The Works of Edgar Allan Poe — Volume 3

By Edgar Allan Poe

Page 118

us from
destruction. Leaping upon the back of the huge beast, he plunged the
blade of a knife behind the neck, reaching the spinal marrow at a blow.
The brute tumbled into the sea lifeless, and without a struggle, rolling
over Peters as he fell. The latter soon recovered himself, and a rope
being thrown him, he secured the carcass before entering the boat. We
then returned in triumph to the schooner, towing our trophy behind us.
This bear, upon admeasurement, proved to be full fifteen feet in his
greatest length. His wool was perfectly white, and very coarse, curling
tightly. The eyes were of a blood red, and larger than those of the
Arctic bear, the snout also more rounded, rather resembling the snout
of the bulldog. The meat was tender, but excessively rank and fishy,
although the men devoured it with avidity, and declared it excellent

Scarcely had we got our prize alongside, when the man at the masthead
gave the joyful shout of “land on the starboard bow!” All hands were
now upon the alert, and, a breeze springing up very opportunely from the
northward and eastward, we were soon close in with the coast. It
proved to be a low rocky islet, of about a league in circumference, and
altogether destitute of vegetation, if we except a species of prickly
pear. In approaching it from the northward, a singular ledge of rock is
seen projecting into the sea, and bearing a strong resemblance to corded
bales of cotton. Around this ledge to the westward is a small bay, at
the bottom of which our boats effected a convenient landing.

It did not take us long to explore every portion of the island, but,
with one exception, we found nothing worthy of our observation. In the
southern extremity, we picked up near the shore, half buried in a pile
of loose stones, a piece of wood, which seemed to have formed the prow
of a canoe. There had been evidently some attempt at carving upon it,
and Captain Guy fancied that he made out the figure of a tortoise, but
the resemblance did not strike me very forcibly. Besides this prow, if
such it were, we found no other token that any living creature had ever
been here before. Around the coast we discovered occasional small floes
of ice--but these were very few. The exact situation of the islet (to
which Captain Guy gave the name of Bennet’s Islet, in honour of his
partner in the ownership of the schooner) is 82 degrees 50’ S. latitude,
42 degrees 20’ W. longitude.

We had

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Text Comparison with Le Corbeau = The Raven

Page 0
" _Une fois, par un minuit lugubre, tandis que je m'appesantissais, faible et fatigué, sur maint curieux et bizarre volume de savoir oublié--tandis que je dodelinais la tête, somnolant presque: soudain se fit un heurt, comme de quelqu'un frappant doucement, frappant à la porte de ma chambre--cela seul et rien de plus.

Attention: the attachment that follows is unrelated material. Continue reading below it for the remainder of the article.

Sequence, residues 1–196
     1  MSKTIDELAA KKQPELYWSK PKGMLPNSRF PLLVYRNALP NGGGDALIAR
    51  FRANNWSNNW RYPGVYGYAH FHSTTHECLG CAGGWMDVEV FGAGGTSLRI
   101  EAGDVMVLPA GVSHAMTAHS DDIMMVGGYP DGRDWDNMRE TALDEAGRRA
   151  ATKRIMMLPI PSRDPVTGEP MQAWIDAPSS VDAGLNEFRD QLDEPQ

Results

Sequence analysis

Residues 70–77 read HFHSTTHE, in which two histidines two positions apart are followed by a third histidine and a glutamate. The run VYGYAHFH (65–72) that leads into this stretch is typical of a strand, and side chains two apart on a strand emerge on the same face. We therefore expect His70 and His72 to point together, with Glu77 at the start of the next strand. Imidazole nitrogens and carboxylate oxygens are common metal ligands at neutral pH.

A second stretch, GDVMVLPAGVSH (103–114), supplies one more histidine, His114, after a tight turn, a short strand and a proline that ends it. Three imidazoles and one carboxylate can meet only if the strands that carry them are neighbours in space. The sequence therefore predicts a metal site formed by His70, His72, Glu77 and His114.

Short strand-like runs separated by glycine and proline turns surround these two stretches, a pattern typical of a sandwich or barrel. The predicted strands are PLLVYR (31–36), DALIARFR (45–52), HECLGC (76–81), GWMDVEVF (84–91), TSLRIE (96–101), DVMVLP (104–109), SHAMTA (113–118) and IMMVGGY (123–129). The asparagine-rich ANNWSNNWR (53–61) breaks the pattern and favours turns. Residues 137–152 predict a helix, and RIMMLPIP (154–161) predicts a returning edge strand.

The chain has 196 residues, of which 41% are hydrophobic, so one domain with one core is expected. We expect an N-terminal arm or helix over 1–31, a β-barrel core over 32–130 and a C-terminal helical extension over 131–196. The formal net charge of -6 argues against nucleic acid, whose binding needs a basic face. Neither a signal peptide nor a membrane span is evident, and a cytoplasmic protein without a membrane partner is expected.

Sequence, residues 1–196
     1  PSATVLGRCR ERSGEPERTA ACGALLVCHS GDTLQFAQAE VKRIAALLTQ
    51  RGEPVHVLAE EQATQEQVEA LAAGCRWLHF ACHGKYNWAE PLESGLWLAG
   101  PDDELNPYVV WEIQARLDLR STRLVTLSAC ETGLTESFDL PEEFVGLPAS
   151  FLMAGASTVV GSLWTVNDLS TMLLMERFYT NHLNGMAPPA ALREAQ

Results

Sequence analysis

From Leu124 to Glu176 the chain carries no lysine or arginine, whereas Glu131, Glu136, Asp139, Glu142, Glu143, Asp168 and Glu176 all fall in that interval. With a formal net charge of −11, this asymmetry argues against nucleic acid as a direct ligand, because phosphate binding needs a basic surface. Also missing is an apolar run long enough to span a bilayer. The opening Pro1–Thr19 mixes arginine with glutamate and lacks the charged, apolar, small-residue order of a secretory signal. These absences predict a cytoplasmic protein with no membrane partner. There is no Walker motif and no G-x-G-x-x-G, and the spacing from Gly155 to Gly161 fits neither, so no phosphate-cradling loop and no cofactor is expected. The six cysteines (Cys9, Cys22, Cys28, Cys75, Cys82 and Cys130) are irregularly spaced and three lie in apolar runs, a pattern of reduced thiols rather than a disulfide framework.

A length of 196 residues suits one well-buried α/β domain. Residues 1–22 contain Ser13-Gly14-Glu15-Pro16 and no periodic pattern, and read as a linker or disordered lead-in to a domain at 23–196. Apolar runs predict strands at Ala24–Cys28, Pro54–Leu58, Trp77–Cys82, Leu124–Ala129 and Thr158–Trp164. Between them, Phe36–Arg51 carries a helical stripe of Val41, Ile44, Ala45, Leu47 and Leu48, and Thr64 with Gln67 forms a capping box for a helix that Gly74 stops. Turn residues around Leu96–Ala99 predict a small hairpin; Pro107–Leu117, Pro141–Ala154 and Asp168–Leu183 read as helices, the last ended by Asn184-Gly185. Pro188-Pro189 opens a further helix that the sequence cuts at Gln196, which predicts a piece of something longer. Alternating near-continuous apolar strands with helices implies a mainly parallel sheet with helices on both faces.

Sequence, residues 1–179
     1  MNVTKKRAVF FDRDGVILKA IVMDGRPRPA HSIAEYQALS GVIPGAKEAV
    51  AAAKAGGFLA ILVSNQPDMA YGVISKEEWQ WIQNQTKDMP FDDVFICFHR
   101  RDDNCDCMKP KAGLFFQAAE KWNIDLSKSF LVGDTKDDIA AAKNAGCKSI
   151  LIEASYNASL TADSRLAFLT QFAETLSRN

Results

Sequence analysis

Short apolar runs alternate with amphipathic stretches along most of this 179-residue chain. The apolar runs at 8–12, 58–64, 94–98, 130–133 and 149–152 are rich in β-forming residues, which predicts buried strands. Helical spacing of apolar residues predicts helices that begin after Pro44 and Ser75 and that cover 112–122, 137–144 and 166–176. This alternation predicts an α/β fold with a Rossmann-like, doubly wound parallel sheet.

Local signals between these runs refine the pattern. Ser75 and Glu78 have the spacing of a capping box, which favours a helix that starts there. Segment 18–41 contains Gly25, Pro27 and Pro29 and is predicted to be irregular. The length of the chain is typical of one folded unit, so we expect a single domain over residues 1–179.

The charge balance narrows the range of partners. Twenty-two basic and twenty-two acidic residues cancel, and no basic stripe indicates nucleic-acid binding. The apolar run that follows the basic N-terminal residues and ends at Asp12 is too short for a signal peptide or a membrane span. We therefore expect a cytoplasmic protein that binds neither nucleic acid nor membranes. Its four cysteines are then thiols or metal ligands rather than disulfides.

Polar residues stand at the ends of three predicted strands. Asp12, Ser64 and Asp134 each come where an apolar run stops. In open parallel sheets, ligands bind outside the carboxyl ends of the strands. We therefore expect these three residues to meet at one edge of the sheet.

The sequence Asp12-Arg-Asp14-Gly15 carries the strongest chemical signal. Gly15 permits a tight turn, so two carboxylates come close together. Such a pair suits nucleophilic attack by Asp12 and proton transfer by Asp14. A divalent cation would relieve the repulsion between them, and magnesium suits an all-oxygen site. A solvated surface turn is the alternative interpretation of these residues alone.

Page 1
c'était en le glacial Décembre: et chaque tison, mourant isolé, ouvrageait son spectre sur le sol.
Page 2
Not the least obeisance made he; not an instant stopped or stayed he; But, with mien of lord and lady, perched above my chamber door-- Perched upon a bust of Pallas just above my chamber door-- .
Page 3
" _Je m'émerveillai fort d'entendre ce disgracieux volatile s'énoncer aussi clairement, quoique sa réponse n'eût que peu de sens et peu .
Page 4
Je ne proférai donc rien de plus: il n'agita donc pas de plume--jusqu'à ce que je fis à peine davantage que marmotter «D'autres amis déjà ont pris leur vol--demain il me laissera comme mes Espérances déjà ont pris leur vol.
Page 5
de «Jamais--jamais plus.
Page 6
» Le Corbeau dit: «Jamais plus!»_ "Prophet!" said I, "thing of evil!--prophet still, if bird or devil! By that Heaven that bends above us--by that God we both adore-- Tell this soul with sorrow laden if, within the distant Aidenn, It shall clasp a saintly maiden whom the angels name Lenore-- Clasp a rare and radiant maiden whom the angels name Lenore.
Page 7
Laisse inviolé mon abandon! quitte le buste au-dessus de ma porte! ôte ton bec de mon coeur et jette ta forme loin de ma porte!» Le Corbeau dit: «Jamais plus!»_ And the Raven, never flitting, still is sitting--still is sitting On the pallid bust of Pallas just above my chamber door; And his eyes have all the seeming of a Demon's that is dreaming, And the lamp-light o'er him streaming throws his shadow on the floor; And my soul from out that shadow that lies floating on the floor Shall be lifted--nevermore! _Et le Corbeau, sans voleter, siége encore--siége encore sur le buste pallide de Pallas, juste au-dessus de la porte de ma chambre, et ses yeux ont toute la semblance des yeux d'un démon qui rêve, et la lumière de la lampe, ruisselant sur lui, projette son ombre à terre: et mon âme, de cette ombre qui gît flottante à terre, ne s'élèvera--jamais plus!_.